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Supporting women to make a new start

Advisor Nighat Aziz

Supporting women to make a new start

Nighat Aziz is an advisor at the Pakistani-German Facilitation and Reintegration Centre (PGFRC) and the central contact person for women and persons in need. Together with the centre's partner organisations, she addresses their specific requirements.

The woman who recently asked Nighat Aziz for support had lived abroad with her family for more than 20 years. "But because of the Corona pandemic, the husband lost his job and the family suddenly became destitute." With her three children, the woman returned to Pakistan and turned to the PGFRC. Aziz, who focuses on counselling women and people in need, supported her reintegration in Pakistan. She referred the returnee to organisations that, among other things, provided her with psychosocial support. At the PGFRC, the woman learned how to write a CV and master job interviews. Through the Hashoo Foundation, she also took part in a training course on how to start a business.

Nighat Aziz (right) talking to a returnee

Independence as a big challenge

"Education and training both are crucial to the reintegration into Pakistani society after returning home," says Aziz. Before becoming an advisor at the PGFRC, she worked in human resource development and career counselling for almost 15 years. She also introduced rules against sexual harassment in a large hospital in Islamabad and trained more than 3,000 staff members on the issue. She knows that it is a great challenge for women in Pakistan to be socially and economically independent.

In Aziz's experience, female returnees have a special need for support, especially in the area of mental health. According to the advisor, the women first have to come to terms with their experiences. Many of them had difficulties settling in Germany or another country they migrated to. This feeling can be so overwhelming that the women make drastic decisions: "In one case, a woman had applied for asylum in Germany to escape domestic violence in Pakistan. But she found life there so difficult that she eventually returned to her husband."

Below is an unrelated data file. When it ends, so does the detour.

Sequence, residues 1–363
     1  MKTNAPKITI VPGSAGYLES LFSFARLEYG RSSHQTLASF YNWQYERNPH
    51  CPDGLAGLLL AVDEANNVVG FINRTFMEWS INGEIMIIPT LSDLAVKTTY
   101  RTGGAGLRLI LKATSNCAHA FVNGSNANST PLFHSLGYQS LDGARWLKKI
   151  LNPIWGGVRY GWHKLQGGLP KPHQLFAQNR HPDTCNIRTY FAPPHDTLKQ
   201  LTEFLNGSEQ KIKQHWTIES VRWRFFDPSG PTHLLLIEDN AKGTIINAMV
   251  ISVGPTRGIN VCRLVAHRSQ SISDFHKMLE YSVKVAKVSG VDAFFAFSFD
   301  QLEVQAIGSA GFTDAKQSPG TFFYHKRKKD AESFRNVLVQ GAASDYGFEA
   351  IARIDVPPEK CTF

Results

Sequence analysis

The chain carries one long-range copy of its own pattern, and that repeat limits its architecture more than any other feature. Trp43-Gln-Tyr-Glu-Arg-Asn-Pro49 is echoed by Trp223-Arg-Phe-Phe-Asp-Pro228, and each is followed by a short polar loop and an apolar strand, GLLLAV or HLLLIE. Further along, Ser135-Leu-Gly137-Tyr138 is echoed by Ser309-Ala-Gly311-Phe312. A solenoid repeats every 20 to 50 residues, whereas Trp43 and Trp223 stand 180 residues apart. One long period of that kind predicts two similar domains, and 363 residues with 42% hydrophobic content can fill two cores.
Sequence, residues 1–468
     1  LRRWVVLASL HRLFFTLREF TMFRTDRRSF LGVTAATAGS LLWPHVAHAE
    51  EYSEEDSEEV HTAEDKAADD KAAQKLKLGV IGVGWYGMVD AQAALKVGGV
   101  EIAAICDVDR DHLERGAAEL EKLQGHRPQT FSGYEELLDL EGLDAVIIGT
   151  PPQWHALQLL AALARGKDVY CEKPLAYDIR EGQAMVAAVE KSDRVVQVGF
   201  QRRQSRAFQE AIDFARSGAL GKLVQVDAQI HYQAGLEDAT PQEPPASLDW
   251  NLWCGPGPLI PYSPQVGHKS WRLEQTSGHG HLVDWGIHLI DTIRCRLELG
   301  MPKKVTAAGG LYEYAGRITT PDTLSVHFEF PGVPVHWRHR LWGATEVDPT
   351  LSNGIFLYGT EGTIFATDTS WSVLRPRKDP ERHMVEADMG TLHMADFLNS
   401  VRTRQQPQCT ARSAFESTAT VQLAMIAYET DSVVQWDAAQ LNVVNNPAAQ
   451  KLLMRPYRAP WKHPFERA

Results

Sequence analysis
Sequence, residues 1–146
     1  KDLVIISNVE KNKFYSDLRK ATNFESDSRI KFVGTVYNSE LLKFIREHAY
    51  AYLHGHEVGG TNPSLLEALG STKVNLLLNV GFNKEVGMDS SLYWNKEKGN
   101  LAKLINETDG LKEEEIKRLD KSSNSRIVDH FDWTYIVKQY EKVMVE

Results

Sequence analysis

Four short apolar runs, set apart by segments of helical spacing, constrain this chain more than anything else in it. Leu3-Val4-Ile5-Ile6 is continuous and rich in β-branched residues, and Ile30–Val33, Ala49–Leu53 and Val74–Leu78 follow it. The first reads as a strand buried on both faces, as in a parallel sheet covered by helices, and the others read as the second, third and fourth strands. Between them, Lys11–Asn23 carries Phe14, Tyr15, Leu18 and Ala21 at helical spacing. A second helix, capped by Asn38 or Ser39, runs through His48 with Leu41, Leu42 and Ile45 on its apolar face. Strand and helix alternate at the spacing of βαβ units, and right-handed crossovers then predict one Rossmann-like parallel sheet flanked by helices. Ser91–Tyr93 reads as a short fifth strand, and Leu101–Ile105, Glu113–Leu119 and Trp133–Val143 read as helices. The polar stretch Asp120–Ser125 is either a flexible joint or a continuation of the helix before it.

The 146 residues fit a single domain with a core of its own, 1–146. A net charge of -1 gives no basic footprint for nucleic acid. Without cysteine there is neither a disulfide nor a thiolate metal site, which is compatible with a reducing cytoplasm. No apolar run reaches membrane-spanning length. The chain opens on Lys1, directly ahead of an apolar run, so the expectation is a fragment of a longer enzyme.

Managing the return and reintegration processes is also an immense challenge for the women. Aziz and her colleagues therefore focus on their specific needs and requirements. "We ensure the provision of effective reintegration measures to women and vulnerable groups who are returning to Pakistan", Aziz points out.

Training and advice on starting a business

The PGFRC works with civil society organisations and other institutions to provide suitable services to women. Apart from the Hashoo Foundation, partners include the Mojaz Foundation, which focuses on support such as training and education for women.

PGFRC also connects the returnees to the All Pakistan Women's Association (APWA), which focuses on health, education, women's rights and sexual harassment, or to the Women Chamber of Commerce & Industry (WCCI), which offers women support in starting a business or finding an internship. Furthermore, the PGFRC is in contact with Rozan, which provides training as well as counselling on mental and psycho-social health.

Aziz feels great compassion for the women who are trying to build a new life in Pakistan. "As a working woman in Pakistan myself, I have seen the difficulties women face on a daily basis due to gender inequality in our society," she says. "If it is already difficult for privileged women with access to good education, it is even more so for disadvantaged women." Aziz wants to change that, she says. That's what drives her, in her work for the PGFRC and for women.

As of: 03/2021

We ensure the provision of effective reintegration measures to women and vulnerable groups who are returning to Pakistan.
Nighat Aziz

Other experiences